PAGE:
Before I even get started properly I’m once again making a caveat with regards this film. Having seen it in it’s two part format I’m now awaiting its release on DVD to comment on it in its four-hour glory – yes, I may comment on it a third time, but how often do you get films like this come along (oh yes, I remember, Kill Bill)?
Part Two (or Guerrilla to give it its alternative title) is the better of the two parts (I’m reluctant now to view it as two films, there is a clear structure when both parts have been seen). Like the first part it makes demands on its audience that they at least know some of the back story involved – if anything this film is even more demanding because the first was written from diaries written with hindsight, the latter doesn’t have that luxury.
Again we are dropped into the middle of a situation without explanation nor reason, the first film at least had Castro to explain to us why everyone was there – here Che’s political motives (beyond giving the people power back) are even more mercurial. Oddly this has the effect of focussing attention more on the principal character and the performance contained therein. Which leads to the greatest strength of the films, and the reason to see them; to say that Benicio Del Toro delivers his best performance is an exercise in understatement – it’s the sort of performance that comes along every so often that is so subtle, but so magnetic that you cannot take your eyes off of it. Why the Academy has seen fit not to even recognise it with a nomination will be one of those mysteries that is discussed in film circles for a long time.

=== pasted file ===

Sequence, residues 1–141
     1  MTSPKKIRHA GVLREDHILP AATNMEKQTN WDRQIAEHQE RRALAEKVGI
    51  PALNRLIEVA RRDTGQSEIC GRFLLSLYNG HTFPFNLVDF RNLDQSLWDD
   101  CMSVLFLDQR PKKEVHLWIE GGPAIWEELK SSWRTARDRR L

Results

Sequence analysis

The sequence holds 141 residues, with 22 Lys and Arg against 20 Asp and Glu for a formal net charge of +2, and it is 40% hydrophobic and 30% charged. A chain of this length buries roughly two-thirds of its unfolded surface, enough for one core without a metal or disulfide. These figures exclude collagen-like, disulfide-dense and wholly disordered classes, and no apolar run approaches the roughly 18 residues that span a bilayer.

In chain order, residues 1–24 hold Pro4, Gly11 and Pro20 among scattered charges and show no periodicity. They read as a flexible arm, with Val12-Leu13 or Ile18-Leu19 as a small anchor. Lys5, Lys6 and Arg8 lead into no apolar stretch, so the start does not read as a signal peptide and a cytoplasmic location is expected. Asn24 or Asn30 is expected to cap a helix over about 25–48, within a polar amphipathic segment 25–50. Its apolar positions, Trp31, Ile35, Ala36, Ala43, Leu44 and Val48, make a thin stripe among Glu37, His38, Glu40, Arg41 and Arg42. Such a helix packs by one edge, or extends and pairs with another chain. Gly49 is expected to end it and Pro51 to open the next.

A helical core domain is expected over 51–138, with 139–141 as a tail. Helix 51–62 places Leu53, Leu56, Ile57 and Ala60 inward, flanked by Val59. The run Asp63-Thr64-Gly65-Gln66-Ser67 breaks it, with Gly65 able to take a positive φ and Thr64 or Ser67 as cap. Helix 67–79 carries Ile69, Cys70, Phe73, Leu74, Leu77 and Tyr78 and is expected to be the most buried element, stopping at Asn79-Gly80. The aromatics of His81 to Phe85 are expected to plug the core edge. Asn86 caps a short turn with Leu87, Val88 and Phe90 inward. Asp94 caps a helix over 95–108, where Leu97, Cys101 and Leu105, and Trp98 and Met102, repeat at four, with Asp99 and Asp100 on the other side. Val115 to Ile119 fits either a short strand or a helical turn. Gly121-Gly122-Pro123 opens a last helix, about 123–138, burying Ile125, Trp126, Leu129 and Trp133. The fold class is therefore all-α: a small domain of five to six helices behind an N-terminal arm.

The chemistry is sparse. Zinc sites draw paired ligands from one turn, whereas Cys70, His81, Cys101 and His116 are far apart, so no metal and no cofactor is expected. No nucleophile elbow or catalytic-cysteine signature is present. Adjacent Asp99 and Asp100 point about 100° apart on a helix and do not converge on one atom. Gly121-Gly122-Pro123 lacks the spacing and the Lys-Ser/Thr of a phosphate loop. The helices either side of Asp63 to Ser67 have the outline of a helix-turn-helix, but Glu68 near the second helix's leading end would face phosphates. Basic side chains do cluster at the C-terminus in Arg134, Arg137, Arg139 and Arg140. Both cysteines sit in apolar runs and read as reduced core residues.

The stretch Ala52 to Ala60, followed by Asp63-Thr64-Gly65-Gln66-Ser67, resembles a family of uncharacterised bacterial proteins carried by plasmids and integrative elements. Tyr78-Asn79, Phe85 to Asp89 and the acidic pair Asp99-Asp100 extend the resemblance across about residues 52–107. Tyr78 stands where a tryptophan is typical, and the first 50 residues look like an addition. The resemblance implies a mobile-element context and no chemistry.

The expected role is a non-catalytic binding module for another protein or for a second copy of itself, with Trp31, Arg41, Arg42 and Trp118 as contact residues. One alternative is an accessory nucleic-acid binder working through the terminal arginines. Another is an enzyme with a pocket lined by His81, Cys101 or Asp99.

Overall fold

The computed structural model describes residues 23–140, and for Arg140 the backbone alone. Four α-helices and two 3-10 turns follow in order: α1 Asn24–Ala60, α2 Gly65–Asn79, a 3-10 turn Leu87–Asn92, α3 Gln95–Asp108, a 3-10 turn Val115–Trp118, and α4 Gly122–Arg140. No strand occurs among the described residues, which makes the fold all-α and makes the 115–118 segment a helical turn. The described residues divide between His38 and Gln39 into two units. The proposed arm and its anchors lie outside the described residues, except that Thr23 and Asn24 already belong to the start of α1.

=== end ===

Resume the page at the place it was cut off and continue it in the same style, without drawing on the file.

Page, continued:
Likewise the second part showcases the other side of Soderberg’s CV – the first has a glossier sheen to it, more akin to his studio films (Ocean Eleven etc) whilst the second part is more direct, hand held (The Limey). Apparently the four hour “Showcase” version gets around this with an intermission (it also has a programme that allows viewers to read about the background to each conflict) – presumably this also allows the projectionist to deal with the change in aspect ratio.
Given this, it’s impossible to comment on one without commenting on the other, both are superb pieces of filmmaking, equally well constructed, but each half will have those who favour it. The second was stronger for me due to its more documentary quality, but shaky-cam is beginning to have its detractors and this is not a film that will win people over to its strengths. However, the first is better scripted – the inter-cutting of the UN sequence creates a framework for the goals of the conflict outside of the heat of battle. Both are fine films, but pretty much follow the dictionary definition of “not for everyone”, but are still heartily recommended for anyone with more than a passing interest in late twentieth century history.